At an early age, he passed the examination for a choristership at Magdalen College, Oxford, where he was educated for a few years before attending St. Bees School in Cumbria. While at School he was an enthusiastic member of the Officer Training Corps.
He joined the Middlesex Hospital when only sixteen years of age and it was while he was in London that he joined the London University O.T.C., obtaining a commission in the Royal Welsh Fusiliers in 1914. He was with them in camp when war was declared.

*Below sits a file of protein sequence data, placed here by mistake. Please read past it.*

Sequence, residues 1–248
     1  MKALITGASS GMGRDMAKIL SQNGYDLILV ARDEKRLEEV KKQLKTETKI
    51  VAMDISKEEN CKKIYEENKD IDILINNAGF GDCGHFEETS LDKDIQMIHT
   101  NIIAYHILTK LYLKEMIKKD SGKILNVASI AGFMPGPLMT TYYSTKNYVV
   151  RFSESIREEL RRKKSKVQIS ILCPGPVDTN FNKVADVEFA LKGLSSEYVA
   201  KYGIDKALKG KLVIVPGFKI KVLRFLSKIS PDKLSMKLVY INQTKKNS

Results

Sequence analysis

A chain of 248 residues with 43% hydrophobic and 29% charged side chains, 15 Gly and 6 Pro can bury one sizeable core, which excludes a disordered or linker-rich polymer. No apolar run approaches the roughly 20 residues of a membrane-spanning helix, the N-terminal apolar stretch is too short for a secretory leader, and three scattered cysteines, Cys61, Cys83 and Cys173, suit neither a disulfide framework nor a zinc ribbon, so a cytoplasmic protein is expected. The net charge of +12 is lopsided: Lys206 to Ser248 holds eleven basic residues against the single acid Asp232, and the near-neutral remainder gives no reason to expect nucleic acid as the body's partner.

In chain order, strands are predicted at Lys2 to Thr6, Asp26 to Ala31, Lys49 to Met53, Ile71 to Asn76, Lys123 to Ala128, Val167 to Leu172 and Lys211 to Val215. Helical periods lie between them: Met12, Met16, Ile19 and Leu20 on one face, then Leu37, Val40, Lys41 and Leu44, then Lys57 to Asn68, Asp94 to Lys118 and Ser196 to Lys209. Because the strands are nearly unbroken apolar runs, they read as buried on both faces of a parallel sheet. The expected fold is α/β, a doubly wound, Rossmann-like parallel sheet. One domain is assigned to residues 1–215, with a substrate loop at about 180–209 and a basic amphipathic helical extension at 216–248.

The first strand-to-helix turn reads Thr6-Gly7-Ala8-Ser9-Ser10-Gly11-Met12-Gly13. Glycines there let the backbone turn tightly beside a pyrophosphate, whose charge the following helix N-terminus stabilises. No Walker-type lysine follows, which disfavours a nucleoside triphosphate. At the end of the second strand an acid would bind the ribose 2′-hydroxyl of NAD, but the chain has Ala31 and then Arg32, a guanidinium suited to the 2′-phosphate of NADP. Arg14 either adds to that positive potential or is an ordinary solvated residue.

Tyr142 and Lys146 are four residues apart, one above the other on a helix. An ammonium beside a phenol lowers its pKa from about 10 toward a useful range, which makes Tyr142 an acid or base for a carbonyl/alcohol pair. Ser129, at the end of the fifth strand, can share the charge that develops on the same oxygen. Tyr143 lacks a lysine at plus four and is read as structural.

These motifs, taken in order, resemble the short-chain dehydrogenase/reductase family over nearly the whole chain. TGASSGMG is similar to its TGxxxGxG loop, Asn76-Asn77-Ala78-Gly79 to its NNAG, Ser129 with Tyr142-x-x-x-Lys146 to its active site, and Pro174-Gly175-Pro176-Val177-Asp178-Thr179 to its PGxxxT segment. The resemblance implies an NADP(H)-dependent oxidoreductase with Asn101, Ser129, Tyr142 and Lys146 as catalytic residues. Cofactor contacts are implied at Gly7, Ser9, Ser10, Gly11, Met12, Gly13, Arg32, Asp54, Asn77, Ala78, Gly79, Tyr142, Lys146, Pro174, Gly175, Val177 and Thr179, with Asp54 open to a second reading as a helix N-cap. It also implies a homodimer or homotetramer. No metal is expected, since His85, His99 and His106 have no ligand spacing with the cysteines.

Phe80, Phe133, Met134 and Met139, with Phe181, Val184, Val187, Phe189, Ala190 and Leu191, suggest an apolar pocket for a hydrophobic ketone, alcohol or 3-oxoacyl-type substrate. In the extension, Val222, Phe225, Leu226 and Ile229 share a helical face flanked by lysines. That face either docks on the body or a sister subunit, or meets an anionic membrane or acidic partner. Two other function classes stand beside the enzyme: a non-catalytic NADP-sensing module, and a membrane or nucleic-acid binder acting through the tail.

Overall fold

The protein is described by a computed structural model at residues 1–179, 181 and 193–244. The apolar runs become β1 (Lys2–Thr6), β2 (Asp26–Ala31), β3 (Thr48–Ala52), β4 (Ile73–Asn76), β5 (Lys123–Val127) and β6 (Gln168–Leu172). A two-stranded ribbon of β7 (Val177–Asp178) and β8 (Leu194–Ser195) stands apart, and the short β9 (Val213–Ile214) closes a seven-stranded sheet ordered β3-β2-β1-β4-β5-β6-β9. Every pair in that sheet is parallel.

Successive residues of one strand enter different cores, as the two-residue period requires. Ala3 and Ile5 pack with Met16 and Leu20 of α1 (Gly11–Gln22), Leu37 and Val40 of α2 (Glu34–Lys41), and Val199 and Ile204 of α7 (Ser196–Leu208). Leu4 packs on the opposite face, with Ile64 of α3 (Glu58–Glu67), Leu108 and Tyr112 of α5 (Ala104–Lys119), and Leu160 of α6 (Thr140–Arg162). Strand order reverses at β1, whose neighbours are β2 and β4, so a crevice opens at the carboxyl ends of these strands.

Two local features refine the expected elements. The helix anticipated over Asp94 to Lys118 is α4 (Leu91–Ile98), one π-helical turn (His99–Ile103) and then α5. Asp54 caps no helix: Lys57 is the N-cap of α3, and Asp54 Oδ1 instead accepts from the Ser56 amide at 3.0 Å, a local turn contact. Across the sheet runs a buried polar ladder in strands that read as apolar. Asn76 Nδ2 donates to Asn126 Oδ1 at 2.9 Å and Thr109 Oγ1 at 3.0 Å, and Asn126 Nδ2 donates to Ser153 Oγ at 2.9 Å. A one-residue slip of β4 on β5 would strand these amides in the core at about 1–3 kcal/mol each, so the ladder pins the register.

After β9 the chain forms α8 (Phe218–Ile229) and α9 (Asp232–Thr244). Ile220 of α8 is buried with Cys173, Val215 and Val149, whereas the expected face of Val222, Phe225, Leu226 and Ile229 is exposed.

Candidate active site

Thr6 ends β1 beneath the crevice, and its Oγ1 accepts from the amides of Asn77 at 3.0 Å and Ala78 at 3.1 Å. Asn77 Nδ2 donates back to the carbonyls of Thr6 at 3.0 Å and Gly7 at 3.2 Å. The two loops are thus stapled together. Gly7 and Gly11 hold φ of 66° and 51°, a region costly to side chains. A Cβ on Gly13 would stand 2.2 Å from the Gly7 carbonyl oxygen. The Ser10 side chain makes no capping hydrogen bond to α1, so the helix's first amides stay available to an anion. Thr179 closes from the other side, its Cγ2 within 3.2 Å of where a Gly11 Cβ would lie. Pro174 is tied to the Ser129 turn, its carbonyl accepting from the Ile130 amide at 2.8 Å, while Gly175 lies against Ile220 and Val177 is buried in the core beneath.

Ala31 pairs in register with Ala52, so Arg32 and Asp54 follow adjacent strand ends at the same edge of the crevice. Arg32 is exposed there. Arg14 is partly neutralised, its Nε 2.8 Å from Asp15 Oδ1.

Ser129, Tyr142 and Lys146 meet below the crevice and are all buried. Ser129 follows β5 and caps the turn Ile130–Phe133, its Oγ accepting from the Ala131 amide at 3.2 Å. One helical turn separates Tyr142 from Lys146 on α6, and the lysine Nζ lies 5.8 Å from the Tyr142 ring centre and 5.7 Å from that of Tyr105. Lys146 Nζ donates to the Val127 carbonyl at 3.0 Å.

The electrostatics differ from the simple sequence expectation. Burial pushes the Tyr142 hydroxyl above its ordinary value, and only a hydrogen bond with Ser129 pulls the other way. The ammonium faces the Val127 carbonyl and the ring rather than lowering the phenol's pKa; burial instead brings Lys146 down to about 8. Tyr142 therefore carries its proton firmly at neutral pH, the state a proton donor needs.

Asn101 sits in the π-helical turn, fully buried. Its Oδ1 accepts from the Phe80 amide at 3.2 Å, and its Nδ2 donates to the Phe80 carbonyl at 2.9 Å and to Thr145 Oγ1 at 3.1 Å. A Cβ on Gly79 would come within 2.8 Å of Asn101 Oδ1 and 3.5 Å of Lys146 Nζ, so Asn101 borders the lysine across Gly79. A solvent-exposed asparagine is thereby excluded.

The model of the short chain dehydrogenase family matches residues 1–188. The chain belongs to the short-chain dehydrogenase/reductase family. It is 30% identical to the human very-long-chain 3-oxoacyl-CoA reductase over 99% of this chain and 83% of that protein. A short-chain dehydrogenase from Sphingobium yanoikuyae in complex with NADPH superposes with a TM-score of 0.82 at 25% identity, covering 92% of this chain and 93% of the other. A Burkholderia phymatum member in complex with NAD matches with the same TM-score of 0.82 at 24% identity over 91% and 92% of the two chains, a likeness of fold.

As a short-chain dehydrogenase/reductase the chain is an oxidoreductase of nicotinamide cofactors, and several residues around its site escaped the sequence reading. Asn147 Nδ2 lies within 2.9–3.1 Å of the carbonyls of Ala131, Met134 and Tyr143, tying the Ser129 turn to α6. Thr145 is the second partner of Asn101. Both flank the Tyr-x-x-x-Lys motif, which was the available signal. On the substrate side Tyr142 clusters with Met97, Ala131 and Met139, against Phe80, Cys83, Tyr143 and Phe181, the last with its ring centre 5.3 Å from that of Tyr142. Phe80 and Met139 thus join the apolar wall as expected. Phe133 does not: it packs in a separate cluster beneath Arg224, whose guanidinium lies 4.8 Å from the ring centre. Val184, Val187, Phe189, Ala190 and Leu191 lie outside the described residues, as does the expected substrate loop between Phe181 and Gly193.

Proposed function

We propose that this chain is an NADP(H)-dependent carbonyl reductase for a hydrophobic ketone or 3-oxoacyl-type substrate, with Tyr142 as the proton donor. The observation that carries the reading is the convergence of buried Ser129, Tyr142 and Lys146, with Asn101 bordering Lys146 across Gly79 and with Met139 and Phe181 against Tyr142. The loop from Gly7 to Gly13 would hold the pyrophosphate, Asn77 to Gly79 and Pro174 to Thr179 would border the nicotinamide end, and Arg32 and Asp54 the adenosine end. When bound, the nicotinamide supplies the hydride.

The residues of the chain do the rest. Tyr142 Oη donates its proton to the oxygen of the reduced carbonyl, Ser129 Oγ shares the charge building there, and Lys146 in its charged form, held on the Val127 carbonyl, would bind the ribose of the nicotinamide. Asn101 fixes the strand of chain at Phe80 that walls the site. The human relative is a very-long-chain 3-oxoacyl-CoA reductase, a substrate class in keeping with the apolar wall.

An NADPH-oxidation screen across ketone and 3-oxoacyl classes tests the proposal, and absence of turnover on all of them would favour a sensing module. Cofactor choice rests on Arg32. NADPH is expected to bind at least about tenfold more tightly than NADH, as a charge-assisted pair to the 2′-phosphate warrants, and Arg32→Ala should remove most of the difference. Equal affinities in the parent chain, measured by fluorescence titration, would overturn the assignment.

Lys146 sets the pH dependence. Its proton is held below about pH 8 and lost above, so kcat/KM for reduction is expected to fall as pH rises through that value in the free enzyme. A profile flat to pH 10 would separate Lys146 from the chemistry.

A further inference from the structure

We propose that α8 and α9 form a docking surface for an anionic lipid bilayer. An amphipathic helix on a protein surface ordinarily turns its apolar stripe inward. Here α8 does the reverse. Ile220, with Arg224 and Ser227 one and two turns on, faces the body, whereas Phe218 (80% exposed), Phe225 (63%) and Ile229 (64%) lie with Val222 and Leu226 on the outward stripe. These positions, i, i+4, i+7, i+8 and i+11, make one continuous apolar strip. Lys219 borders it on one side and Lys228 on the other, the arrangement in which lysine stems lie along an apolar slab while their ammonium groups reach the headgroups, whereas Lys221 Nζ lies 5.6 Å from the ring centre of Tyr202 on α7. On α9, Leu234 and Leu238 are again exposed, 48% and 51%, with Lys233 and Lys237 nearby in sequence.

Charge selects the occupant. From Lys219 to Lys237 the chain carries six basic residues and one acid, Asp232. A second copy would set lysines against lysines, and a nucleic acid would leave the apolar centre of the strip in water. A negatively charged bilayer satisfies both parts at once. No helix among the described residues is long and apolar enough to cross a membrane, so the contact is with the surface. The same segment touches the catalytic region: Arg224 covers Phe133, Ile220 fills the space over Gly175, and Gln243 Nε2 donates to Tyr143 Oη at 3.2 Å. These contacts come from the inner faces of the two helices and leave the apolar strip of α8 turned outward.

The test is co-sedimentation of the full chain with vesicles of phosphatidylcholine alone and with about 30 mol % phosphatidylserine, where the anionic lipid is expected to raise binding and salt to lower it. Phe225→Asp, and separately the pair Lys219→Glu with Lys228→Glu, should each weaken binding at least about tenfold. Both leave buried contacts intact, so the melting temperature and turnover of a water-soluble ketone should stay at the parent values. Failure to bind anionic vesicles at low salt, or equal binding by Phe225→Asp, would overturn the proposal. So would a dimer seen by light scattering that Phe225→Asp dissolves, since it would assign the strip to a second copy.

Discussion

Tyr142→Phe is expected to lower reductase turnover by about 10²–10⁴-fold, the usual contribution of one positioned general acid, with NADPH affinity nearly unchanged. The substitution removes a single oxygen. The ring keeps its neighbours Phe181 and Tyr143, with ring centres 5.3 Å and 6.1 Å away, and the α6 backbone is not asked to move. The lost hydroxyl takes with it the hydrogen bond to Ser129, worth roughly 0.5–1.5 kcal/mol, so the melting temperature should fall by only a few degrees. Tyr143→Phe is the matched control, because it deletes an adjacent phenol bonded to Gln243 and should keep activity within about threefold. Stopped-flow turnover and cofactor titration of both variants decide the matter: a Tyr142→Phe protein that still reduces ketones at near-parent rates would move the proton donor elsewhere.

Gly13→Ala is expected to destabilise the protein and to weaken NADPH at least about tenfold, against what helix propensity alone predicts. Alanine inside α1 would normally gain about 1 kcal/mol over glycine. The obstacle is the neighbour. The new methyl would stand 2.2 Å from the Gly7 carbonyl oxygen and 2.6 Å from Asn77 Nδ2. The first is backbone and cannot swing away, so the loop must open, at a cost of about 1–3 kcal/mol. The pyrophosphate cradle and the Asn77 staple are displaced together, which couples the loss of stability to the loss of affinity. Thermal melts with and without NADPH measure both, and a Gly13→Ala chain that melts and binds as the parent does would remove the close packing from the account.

Being anxious to qualify, he was seconded in order to complete his medical studies. After obtaining his degrees, he joined the RAMC, and was attached to a battery of the R.F.A. He later re-joined his old regiment R.W.F 1st/6th Battalion (Anglesey and Caernarvonshire) and went out to Egypt as medical officer.
An extract from ‘The London Gazette’ (No. 30491) dated 8th of January 1918, records the following:
'For most conspicuous bravery displayed in action until he was killed. Captain Russell repeatedly went out to attend the wounded under murderous fire from snipers and machine-guns, and in many cases, when no other means were at hand, carried them in himself, although almost exhausted. He showed the greatest possible degree of valour.